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Round the world racers to go on pirate alert

  • Story Highlights
  • The Volvo Ocean Race fleet is heading to Cochin through the Indian Ocean
  • The fleet will be briefed on pirate threats as they pass by the danger area
  • Pirate attacks have been occurring regularly in the Arabian Sea this year
  • Race organizers have changed the course to avoid the most dangerous areas
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By Mike Steere
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LONDON, England (CNN) -- Eight yachts competing in the Volvo Ocean Race round-the-world event will be kept closely briefed on piracy threats and monitored by warships as they approach the troubled waters of the Arabian Sea.

Into stormy waters: the Volvo fleet are threatened by more than just heavy seas on the second leg to Cochin, India.

Currently on the second leg of the race, between Cape Town, South Africa, and Cochin, India, the Volvo Ocean Race fleet is attempting to avoid the worst of the pirate danger zone, heading south east of the Arabian Sea area where pirates seized a Saudi-owned crude tanker and 25 crew members on Monday.

The U.S. Navy confirmed that the vessel, Sirius Star, had been stormed by pirates and the crew held hostage.

Piracy in the Gulf of Aden region, particularly in the waters off Somalia, has soared this year with the International Maritime Bureau (IMB) reporting more than 60 incidents in the first nine months of the year.

A Volvo Ocean Race spokesman told CNN that the course had been changed to help dodge the piracy threat.

"If it went straight to Cochin they would get a lot closer to the danger area," he said.

Race organizers added a scoring way point below Mauritius, and an exclusion zone above the country to keep the fleet east and away from Somalia, he said.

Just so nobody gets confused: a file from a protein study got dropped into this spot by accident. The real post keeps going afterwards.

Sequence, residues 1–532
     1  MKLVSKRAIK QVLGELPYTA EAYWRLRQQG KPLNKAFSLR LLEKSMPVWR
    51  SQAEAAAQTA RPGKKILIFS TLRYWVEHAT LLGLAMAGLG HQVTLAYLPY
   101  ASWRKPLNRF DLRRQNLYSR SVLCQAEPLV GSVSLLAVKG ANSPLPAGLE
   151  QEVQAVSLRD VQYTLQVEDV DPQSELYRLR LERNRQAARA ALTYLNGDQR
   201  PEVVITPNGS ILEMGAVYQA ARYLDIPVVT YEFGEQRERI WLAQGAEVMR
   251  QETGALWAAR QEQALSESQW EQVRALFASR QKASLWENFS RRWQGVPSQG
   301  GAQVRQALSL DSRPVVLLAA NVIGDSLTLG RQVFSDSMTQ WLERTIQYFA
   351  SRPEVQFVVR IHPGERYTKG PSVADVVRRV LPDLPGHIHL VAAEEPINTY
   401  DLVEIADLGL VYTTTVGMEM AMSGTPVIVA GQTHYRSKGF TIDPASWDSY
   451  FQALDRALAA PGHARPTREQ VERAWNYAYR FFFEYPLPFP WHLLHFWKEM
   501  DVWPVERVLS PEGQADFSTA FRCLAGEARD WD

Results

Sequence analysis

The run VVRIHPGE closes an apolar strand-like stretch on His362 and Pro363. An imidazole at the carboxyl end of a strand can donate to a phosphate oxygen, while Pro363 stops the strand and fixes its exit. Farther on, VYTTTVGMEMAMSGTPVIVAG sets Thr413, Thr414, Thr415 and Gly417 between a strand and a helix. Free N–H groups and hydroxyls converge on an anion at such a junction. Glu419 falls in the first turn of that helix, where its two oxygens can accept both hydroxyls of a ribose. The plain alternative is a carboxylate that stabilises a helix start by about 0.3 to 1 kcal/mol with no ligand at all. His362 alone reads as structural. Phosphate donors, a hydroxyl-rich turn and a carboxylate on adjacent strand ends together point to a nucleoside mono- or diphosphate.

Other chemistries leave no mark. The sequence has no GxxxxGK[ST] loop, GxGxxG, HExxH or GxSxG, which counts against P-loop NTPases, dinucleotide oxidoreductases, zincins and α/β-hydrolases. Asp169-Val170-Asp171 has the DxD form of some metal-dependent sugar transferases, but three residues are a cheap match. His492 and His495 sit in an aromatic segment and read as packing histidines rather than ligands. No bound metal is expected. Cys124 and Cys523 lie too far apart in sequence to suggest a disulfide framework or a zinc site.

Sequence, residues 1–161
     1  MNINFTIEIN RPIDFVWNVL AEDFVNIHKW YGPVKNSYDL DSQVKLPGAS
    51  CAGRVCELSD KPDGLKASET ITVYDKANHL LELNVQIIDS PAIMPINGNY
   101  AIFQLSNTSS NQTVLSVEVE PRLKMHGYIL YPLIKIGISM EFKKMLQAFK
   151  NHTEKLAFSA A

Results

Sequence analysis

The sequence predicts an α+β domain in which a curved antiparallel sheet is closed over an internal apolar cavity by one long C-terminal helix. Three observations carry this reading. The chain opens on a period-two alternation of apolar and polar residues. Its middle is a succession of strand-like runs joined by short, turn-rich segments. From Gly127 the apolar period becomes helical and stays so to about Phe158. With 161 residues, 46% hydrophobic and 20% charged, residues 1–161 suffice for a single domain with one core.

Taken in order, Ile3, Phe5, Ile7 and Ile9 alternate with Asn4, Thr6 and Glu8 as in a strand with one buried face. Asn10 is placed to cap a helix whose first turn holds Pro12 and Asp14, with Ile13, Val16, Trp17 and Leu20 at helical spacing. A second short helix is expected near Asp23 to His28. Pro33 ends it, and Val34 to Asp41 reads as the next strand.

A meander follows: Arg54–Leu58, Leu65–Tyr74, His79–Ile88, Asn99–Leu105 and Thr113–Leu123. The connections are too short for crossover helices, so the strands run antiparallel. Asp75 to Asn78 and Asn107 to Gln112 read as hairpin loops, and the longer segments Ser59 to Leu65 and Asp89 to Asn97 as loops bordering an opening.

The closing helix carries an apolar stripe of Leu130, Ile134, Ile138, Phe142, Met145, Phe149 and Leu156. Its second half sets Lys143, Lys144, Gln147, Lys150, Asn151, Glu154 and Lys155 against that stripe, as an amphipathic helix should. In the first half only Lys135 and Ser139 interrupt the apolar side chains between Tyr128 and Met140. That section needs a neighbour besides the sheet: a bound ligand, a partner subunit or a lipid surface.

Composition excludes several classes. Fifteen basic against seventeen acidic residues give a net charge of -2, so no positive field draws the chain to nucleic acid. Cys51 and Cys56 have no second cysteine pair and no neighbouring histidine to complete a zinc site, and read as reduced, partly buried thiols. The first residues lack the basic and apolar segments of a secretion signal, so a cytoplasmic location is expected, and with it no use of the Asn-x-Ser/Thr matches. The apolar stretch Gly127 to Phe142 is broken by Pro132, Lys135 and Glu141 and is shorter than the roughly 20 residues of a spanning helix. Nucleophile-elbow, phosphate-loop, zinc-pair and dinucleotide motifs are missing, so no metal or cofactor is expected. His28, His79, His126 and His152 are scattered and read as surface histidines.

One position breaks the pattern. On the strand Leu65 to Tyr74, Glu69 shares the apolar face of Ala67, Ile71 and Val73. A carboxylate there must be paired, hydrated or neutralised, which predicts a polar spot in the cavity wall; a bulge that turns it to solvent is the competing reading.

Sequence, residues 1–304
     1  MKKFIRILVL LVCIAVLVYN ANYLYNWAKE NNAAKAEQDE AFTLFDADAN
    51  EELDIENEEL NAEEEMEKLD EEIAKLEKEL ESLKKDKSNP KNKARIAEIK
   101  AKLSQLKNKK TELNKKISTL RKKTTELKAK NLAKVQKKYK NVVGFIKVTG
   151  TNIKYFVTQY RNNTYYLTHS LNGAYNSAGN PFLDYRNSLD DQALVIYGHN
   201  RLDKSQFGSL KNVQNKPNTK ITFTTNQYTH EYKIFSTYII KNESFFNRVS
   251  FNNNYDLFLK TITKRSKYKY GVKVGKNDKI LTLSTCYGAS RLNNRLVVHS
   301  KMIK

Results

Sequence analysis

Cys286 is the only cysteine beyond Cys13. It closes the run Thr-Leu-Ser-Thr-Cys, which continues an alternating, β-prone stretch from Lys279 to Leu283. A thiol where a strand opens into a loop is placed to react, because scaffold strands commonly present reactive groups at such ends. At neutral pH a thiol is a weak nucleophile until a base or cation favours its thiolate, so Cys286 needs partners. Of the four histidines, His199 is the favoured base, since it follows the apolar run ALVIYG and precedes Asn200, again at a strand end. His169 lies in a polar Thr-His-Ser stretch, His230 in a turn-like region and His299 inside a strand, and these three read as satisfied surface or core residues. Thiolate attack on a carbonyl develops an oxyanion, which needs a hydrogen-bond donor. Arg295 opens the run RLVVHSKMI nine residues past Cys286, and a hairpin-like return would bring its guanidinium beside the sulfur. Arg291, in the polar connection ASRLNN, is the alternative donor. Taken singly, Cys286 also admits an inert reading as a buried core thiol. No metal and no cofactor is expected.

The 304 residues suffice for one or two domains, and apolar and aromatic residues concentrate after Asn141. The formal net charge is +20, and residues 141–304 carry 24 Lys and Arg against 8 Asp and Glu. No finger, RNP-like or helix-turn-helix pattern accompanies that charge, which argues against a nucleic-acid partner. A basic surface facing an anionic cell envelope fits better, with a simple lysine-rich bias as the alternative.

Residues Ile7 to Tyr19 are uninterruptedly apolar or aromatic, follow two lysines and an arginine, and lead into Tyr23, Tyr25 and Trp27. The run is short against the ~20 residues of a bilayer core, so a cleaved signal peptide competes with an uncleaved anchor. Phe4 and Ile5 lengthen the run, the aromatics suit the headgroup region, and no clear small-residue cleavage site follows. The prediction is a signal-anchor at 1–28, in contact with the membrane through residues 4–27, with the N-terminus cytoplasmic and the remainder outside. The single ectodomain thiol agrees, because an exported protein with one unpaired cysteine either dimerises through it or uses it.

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The crews were about a week away from getting close to the danger zone, and it was expected they would get no closer than about 600 miles from where attacks had been reported, the spokesman said.

They would be briefed on any potential dangers when they drew closer to the northern Indian Ocean, he added.

Before the leg began, teams were also briefed on the pirate threat by Graeme Gibbon Brooks of maritime intelligence service Dryad Maritime.

"There are places you are going to which could prove problematic. There are a places where a piracy threat exists and there are also challenges of avoiding other boats. The purpose of this briefing is advice on how to avoid a situation and what to do if you can't," he told the crews.

Ken Read, skipper of one of the race's main contenders, PUMA Ocean Racing, said before the second leg started: "It's a step into the unknown for all of us.

"The ocean arena we usually race in will now be the real world. We need to prepare right so we know what to do to avoid problems."

The position of the all the competing boats is also being monitored closely, the spokesman said.

The UK Maritime Trade Organization (UKMTO), based in Dubai, would be monitoring the positions of the boats and feed them into a database passed out to warships to assess.

If the crews make it through the second leg unscathed they then face another dangerous jaunt through the South China Sea, the Strait of Malacca, and the waters between west Malaysia and the Indonesian island of Sumatra on leg three.

Telefonica Blue led the eight teams on Monday as the boats headed east, away from the African continent.

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